Review: “Gods of Magic,” Linsey Hall

Pros: Great travails and action; adorable new sidekicks
Cons: So, so formulaic
Rating: 4 out of 5

Gods of Magic (Dragon’s Gift: The Amazon Book 1) is book 26 of the Dragon’s Gift series as a whole–a series which is divided up into five-book increments, each of which centers upon a particular young woman as main character. When I bemoan how formulaic the series is, I mean that each five-book series is constructed almost identically, and each book within each series is also constructed similarly. For instance, all six young women have had matching love interests show up at the beginning of book one of their sub-series: a bulked man who is physically and magically super-powerful, similar in temperament, devastatingly handsome, and wealthy beyond imagining. In the last three sub-series, each sister (Bree, Ana, Rowan) has their own three-critter band of sidekicks (the Pugs of Destruction, the Cats of Chaos, and the Menacing Menagerie). Each main character has a Favorite Food and a Favorite Drink, as though the author filled out character questionnaires for each main character and then felt the need to include the same details from each. Each one taken separately is wonderful–Linsey Hall executes these things quite well. The various critter sidekicks have a ton of personality and they’re wonderful to have on hand. But it’s still frustrating to be able to predict nearly everything that’s going to happen in these books. And it does harm the willing suspension of disbelief, even in a series so fantastical that there’s already a lot of disbelief being suspended. However, it is that wonderful execution that makes these books worth reading. Especially since in many ways it’s a sort of comfort-read series, and when you want a comfort read you often want to know what you’re getting into. It’s up to you to decide how this dichotomy affects your likelihood of enjoying these books.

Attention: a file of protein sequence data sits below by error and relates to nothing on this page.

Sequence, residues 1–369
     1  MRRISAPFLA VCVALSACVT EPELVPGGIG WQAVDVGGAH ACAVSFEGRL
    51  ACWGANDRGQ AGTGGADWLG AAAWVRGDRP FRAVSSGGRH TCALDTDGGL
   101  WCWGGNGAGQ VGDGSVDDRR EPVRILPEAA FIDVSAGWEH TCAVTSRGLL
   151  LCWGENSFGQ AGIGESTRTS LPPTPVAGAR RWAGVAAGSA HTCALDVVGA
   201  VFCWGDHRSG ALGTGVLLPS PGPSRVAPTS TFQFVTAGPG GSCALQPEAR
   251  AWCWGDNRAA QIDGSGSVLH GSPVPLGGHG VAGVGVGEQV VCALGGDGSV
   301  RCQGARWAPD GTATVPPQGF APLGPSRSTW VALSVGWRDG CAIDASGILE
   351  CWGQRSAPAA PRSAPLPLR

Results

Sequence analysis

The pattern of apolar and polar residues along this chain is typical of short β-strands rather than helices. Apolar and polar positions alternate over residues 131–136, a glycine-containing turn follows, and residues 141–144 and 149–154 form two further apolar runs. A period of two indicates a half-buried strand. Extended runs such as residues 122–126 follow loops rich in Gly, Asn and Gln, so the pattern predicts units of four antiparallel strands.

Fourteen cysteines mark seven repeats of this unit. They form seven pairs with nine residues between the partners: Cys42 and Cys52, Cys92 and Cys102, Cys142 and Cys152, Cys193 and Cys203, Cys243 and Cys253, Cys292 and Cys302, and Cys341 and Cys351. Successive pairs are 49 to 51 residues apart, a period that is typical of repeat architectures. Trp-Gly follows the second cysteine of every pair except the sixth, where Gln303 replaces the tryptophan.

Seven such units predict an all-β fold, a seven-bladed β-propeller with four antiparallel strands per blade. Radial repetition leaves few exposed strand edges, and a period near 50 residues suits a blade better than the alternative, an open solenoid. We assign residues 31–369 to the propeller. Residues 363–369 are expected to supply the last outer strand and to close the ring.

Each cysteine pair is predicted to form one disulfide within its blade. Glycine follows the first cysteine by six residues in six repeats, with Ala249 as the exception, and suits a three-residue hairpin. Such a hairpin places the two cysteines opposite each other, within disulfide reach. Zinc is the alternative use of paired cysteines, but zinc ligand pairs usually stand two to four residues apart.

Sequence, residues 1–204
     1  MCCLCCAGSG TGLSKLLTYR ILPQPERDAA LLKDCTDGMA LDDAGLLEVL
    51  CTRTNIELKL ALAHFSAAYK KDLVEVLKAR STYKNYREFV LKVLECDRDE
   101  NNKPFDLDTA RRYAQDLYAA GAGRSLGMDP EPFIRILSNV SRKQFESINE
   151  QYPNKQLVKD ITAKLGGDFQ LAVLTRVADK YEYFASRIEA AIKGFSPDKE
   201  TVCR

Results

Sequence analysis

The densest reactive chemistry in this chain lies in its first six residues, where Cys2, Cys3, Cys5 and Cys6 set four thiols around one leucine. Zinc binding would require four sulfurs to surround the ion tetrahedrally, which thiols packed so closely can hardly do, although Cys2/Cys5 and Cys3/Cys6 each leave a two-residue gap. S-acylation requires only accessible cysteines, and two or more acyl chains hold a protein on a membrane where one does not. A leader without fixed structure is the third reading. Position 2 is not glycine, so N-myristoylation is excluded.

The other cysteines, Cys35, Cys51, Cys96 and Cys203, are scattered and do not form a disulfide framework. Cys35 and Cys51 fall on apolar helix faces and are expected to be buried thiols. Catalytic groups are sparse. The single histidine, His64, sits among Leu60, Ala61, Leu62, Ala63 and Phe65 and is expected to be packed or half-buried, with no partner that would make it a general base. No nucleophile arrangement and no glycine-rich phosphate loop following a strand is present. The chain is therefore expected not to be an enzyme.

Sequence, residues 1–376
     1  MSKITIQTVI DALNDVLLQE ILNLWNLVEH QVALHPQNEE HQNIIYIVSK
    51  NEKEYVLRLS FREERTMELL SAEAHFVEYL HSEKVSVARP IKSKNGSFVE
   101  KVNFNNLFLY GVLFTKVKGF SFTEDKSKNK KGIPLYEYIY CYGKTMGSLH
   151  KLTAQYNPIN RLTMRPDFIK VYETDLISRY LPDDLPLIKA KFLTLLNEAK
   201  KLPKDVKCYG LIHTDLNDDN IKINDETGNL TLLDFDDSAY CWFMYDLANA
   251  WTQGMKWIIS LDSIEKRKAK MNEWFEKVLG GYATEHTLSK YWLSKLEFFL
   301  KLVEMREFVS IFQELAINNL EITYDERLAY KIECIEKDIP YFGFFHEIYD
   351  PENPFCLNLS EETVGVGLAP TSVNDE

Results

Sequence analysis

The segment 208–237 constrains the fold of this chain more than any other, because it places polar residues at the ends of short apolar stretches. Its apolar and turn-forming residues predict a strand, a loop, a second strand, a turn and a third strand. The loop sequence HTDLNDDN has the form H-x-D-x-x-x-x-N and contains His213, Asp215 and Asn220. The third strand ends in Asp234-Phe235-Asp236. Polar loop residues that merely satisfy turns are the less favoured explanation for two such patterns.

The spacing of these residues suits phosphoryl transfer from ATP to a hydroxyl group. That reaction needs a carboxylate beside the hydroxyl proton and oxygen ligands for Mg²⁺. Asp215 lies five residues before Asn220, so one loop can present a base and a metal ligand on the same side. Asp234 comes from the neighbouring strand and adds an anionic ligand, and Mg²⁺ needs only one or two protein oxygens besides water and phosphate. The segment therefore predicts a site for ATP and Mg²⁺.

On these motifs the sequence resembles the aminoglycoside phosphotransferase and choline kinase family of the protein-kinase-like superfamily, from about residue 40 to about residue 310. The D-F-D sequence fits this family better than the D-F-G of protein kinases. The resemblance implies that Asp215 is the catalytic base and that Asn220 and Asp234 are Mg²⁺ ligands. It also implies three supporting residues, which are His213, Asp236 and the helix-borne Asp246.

Back to the installment at hand! It’s Rowan’s turn to come into her own as a Dragon God. In an unusual turn of events, Rowan’s journey is looking to be a little bit different than that of her sisters. Due to her time being captured and coerced by the Rebel Gods, she still has dark magic inside of her, and it’s starting to burst free. At the same time, mysterious notes are leading her to play magical vigilante in order to stop crimes from happening. She ends up foiling a murder by a handful of demons and a mysterious monster, only to find out that the monster is linked to the darkness inside of her and she has to stop it from feeding again. This will require her and her new partner and love interest, Maximus Valerius, to track down the monster and the ingredients for a special potion.

I enjoyed this installment. Rowan is an interesting character, as is Maximus. The book continues its predecessors’ tradition of depicting strong female characters with respectful love interests, and I do appreciate that. The Menacing Menagerie–Romeo the raccoon, Poppy the possum, and Eloise the badger–are delightfully adorable as Rowan’s new sidekicks, even though I prefer the Cats of Chaos. Rowan and Maximus end up having to infiltrate a magical research corporation in order to get an ingredient for the potion, which makes for some excellent stealth and escape sequences. Also, since Rowan doesn’t have access to her own magic she’s becoming quite the potions expert, which is a nice detail and allows for some extra variety in their approaches to their trials and tribulations. I was a bit disappointed by the quick explanation for the mysterious notes Rowan’s been getting; it hand-waves the question of how the sender knew these things were going to happen.

This book is an odd mix of the super predictable if you’ve read the rest of the series (overall structure), and the somewhat new and unusual (how Rowan’s magic is working, and the magical research company). Definitely worth it if you’ve been enjoying the series so far.

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